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Old 04-26-2012, 06:32 PM   #1
HibsMax
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Default Carbing Issue

I have two cases of Newcastle Brown Ale clone that I bottled on April 6/7th, so about 3 weeks ago. I bottled the beer and realized I had no caps (read : I had a brainfart and they ended up in a pan of water on low for a very long time - now I sanitize the caps). I covered the bottled beers with paper and went out for a couple of hours (dinner with SWMBO). I came back and covered each bottle with sanitized foil. The next day I picked up some new bottle caps, re-primed each bottle manually with 1.5tsp of dextrose and capped them. All in all the beer was uncapped for less than a day and, for what it's worth (little) I tried to keep the bottles as covered as possible. My LHBS said that the yeast would have consumed the priming sugar very quickly which is why I reprimed.

I have tested a couple of bottles over the last week and there's practically nothing in terms of carbonation. I don't mean that they seem a little undercarbed, I mean that there is literally practically nothing. At this point I am leaving them in a dark closet, out of sight, out of mind and I will see what's happening in a few weeks time, but the purpose of this thread is to collect ideas of what might be going on. I know there is no lack of food for the yeast which makes me think that the yeast isn't viable. I suppose I could open a bottle and measure the SG and compare with what I read before I bottled, that would let me know if anything is going on. Let's assume that the SG is higher than before bottling which would mean the priming sugar hasn't been consumed. What can I do? Can I open each bottle, pour gently into a bottling bucket over a yeast / sugar solution and then rebottle? I am going to try that eventually anyway. Anything rather than pouring it down the sink.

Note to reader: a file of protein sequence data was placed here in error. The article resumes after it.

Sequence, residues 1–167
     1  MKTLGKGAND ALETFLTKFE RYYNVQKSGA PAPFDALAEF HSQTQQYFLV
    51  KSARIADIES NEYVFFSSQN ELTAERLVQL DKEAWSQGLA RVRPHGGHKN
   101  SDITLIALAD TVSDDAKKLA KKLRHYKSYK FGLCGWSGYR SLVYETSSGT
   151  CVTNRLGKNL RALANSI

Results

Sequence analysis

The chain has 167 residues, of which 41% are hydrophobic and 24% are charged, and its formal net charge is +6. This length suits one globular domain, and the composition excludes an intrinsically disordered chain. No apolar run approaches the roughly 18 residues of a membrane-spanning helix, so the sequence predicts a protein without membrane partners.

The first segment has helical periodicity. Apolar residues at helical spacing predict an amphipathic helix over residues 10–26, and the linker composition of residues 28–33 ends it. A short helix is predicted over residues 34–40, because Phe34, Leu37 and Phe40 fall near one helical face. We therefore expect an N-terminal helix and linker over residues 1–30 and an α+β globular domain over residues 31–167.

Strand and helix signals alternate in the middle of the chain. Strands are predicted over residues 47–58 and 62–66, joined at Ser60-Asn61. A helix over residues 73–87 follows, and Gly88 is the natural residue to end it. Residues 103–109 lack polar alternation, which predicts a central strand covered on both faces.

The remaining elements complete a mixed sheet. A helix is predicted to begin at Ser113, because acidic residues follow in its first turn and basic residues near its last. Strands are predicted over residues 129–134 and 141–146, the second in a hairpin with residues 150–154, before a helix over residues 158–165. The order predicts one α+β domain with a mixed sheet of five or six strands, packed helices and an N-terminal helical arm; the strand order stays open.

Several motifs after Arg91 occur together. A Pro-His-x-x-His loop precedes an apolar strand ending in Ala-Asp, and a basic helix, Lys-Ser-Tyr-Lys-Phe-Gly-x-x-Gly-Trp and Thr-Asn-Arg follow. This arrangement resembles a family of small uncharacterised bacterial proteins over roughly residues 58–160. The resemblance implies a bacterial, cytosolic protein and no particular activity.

Any ideas?

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Old 04-26-2012, 06:39 PM   #2
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Were they stored above 70? First I would give it a couple more weeks just to make sure that they're just not carbed because it's not time yet, not because of not capping them right away.

You don't need to go through a grav reading to determine that, just giving it sufficient time. Besides the amount of grav increase the priming sugar would actually have added would barely register from non sugar added beer.

If you decide to add more sugar AFTER MAKING SURE THERE IS NOT ANY LEFT IN THERE. You DON'T want to pour the beer back into a bucket. That's a sure way to cause MORE damage to the beer, by oxydizing it. What do you think you'd be pouring it through, jello? No it's falling through the enemy of beer, oxygen.

You would add sugar TO THE BOTTLE, and re-cap.

The best bet would be to add priming tabs like coopers to the bottles.

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Old 04-26-2012, 06:39 PM   #3
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[QUOTE=HibsMax;4032228] At this point I am leaving them in a dark closet, out of sight, out of mind and I will see what's happening in a few weeks time\QUOTE]

Do this, 2-3 weeks and see what happens

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Old 04-26-2012, 06:52 PM   #4
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I can't tell you exactly what the temperature is / was but they are stored in the warmest place in my house - the attic - it's a heat trap. I am sure it was about 70 but I will invest in a thermometer for that area. I failed to mention, stupidly, that other beers that I bottled before and after then have had no issues with carbing (I popped open a Smithwick's, which was in the same closet, after only about a week and it was plenty fizzy - not finished but still showing good signs of carbing).

I hear you re: the oxidization. I was thinking that pouring the beer gently would be similar to when you syphon the beer into the bottling bucket. I was hoping that gentle pouring would mean less surface disruption and less oxidization. But it seems too risky.

How long would you recommend waiting before pulling the plug on this beer? I have read a lot of stories about people having crappy beer, finding it months later and really enjoying it. But is that likely to happen with a carbing issue? I guess I'm asking, what is the longest period of time you've seen a brew take to carb properly? I'll wait one more day than that.

Thanks, Max

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Old 04-26-2012, 07:09 PM   #5